Despite the events of September 10, and the personal humiliation and taunts that these women heard, they remain resolute. You can “mislead” someone for a day. But will anyone volunteer to go through all this for over a year without understanding what she is resisting?
Two weeks ago I had predicted that the wasted Monsoon session of Parliament would do no work at all. I was wrong. Apparently, it managed to do some work. At the very last minute, before our worthy Members of Parliament headed back to their homes, they passed the Sexual Harassment of Women at Workplace (Prevention, Prohibition and Redressal) Bill 2012.
Two cheers for that. But only two. Because although the Bill was passed, the MPs did not invest any time in discussing or debating a law that will impact the lives of millions of women. If they had, even for a short time, perhaps some of the lacunae in an otherwise good law could have been noticed and perhaps modified — such as excluding women agricultural workers or women in the armed forces and paramilitary forces. Fortunately, women domestic workers are now included, a change made in response to vigorous advocacy by several groups.
Also, if the law had been debated, the media would have paid some attention. When the media joins the debate, people learn about the law — not just its name but what it stands for. Knowledge about a law, what it can and cannot do, what kind of rights it gives the citizen, constitutes more than half the challenge of ensuring that it is implemented.
I saw first hand how such knowledge can truly “empower” women, even the poorest and the unlettered. In the stark, dry and tough terrain of Kutch, India’s second largest district, you need perseverance and resilience to get through the daily travails of life. It rains but rarely. Every other year is a drought year. Cattle die; the one crop that the poor soil could yield fails. And basic services such as health care, education and legal help are as sparsely scattered as the dry-land vegetation.
But then you meet the women. And you stop short. For they are strong, they are beautiful and they know how to fight. Since 1989, the Kutch Mahila Vikas Sangathan (KMVS) has been working with the women of Kutch, listening to their stories, understanding their lives, and working with them to resolve their problems. Water, fodder and land — these were the priorities in an environment where the existence of entire communities is linked to the state of the natural resource base.
Divert grasslands that have supported cattle stocks for generations to other uses, such as industry, and you destroy the lives of millions of people. Set up thermal power stations and industries along the coast, and you force people who have lived off the fish they catch from these waters into penury. This “developmental” reality is destroying not just the natural environment of Kutch but with it the lives of those who depend upon it.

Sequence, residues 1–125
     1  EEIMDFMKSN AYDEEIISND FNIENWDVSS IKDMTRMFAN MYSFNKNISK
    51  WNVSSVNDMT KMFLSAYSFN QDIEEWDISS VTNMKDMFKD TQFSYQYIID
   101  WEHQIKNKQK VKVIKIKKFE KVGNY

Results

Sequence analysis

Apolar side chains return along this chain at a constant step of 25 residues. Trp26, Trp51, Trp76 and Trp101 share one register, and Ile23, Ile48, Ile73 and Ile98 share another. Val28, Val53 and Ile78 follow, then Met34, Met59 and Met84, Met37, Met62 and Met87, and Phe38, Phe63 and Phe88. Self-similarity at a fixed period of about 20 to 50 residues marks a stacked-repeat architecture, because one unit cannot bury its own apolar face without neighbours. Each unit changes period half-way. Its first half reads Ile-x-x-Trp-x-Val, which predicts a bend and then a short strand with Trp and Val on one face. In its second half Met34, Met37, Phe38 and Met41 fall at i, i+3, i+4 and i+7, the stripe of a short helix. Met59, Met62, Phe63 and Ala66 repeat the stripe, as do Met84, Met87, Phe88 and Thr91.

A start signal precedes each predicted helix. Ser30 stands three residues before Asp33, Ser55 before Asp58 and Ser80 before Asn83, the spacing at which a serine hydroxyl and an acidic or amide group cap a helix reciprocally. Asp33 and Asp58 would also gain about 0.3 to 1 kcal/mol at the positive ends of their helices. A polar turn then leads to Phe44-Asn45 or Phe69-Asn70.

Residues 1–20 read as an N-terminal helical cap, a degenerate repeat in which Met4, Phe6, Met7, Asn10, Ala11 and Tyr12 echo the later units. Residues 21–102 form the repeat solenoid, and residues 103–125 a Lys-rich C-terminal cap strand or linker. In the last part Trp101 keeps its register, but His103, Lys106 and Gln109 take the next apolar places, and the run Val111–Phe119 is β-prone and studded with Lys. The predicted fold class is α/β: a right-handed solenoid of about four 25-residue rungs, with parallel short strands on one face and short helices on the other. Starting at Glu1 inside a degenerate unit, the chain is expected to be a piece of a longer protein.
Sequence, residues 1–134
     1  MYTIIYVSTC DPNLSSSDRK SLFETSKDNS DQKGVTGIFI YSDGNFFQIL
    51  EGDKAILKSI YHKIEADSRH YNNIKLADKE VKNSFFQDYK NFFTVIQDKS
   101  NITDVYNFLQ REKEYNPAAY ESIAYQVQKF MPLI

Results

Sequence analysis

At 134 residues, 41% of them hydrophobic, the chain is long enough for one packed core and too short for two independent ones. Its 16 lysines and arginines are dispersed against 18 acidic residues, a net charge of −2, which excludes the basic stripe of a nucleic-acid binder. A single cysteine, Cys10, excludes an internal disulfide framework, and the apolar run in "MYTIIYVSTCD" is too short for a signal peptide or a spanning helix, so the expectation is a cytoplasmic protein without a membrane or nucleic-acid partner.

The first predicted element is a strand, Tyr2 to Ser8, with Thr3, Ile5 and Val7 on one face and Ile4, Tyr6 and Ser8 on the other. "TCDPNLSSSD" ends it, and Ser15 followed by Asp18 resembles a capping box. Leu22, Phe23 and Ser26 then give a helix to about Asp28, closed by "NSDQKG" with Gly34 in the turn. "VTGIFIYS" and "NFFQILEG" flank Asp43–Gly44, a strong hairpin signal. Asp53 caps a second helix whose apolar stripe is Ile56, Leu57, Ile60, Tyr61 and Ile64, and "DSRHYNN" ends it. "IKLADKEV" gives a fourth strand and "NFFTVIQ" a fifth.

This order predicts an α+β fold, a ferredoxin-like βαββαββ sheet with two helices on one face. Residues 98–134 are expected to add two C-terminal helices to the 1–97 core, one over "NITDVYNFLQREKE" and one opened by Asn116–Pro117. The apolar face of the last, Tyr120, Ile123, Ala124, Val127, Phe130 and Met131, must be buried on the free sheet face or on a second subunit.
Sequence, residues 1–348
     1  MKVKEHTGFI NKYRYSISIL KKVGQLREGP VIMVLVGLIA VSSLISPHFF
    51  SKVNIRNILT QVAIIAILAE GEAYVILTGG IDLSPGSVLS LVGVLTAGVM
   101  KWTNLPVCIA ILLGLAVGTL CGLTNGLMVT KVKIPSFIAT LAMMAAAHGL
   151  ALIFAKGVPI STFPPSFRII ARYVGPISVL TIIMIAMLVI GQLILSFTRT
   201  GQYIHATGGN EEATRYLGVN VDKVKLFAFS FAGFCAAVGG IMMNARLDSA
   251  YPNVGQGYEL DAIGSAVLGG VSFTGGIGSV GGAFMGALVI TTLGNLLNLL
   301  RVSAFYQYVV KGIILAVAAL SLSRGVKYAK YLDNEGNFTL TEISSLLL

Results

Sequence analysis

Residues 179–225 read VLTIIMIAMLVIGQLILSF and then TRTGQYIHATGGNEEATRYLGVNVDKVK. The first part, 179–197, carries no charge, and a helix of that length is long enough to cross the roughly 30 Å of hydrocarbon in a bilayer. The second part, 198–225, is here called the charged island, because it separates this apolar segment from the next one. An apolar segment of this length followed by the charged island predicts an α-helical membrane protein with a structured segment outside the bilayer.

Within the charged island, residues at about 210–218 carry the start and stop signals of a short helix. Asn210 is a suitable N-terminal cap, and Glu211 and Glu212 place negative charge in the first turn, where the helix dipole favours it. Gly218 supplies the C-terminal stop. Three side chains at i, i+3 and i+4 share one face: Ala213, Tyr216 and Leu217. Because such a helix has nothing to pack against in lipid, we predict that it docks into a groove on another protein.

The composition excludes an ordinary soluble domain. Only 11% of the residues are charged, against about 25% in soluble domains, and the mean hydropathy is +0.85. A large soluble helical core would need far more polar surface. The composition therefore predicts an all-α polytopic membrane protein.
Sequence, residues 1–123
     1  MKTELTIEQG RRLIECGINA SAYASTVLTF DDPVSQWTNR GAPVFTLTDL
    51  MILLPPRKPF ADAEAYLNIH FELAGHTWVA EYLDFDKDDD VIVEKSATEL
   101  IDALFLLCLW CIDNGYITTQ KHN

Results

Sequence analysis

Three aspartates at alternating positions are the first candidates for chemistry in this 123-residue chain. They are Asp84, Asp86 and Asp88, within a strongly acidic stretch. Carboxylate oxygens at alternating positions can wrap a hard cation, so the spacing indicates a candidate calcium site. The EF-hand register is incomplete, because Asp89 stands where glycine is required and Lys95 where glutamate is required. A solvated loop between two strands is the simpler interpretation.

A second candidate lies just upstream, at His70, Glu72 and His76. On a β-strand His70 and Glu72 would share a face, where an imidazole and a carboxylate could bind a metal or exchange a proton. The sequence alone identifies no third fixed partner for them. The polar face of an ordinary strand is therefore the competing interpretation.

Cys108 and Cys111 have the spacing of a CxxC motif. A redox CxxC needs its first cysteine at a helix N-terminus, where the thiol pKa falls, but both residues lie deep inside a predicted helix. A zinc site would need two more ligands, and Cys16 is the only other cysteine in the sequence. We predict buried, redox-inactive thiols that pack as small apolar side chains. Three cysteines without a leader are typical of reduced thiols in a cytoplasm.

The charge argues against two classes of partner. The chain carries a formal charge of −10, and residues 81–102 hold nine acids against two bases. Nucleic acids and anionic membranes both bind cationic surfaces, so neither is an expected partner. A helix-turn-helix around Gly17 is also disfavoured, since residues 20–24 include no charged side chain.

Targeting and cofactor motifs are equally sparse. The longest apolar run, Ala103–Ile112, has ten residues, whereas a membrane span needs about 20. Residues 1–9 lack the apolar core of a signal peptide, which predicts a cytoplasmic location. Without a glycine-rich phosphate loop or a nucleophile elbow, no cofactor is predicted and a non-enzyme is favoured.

An equally tough environment is the social one, something the women must face. Here some women are not permitted to step out beyond their villages, girls are still not educated, and alcohol — in a state where it is officially banned — wreaks havoc on the lives of many families.
How do you teach the women who live in this environment about their rights, as citizens, as women? Is it even possible for women who have rarely stepped beyond the boundaries of their villages to have the courage to step into a police station?
One of the many interesting interventions of KMVS is to give women para-legal training. They learn about the law, especially those concerning women, they understand the structure of the police and of the judiciary, and they are taught the steps that any person can take in the process of enforcing the law of the land. At the end of the training, they receive a certificate from the Indian Institute of Paralegal Studies and an identity card.
For many of these women, the card has made a world of a difference. Where earlier the police would have paid no attention to them, now they are able to go to police stations with confidence to register an FIR and read the Riot Act if the police resist or drag their feet.
“Sometimes we have to sit in the police station till 10 at night to get the FIR registered,” says Devalben, a Ghadvi woman from a village near the port of Mundra, who was denied an education but has managed to educate both her daughters. Another woman says, “Now the police call us. Earlier they made fun of us.”
Says Devalben, “In a rape case, we didn’t know what to do. Police would say, ‘Where’s the proof this is a rape, take the woman to the doctor.’ The doctor would say, ‘This is a police case.’ The police would make us run around. Now this does not happen.”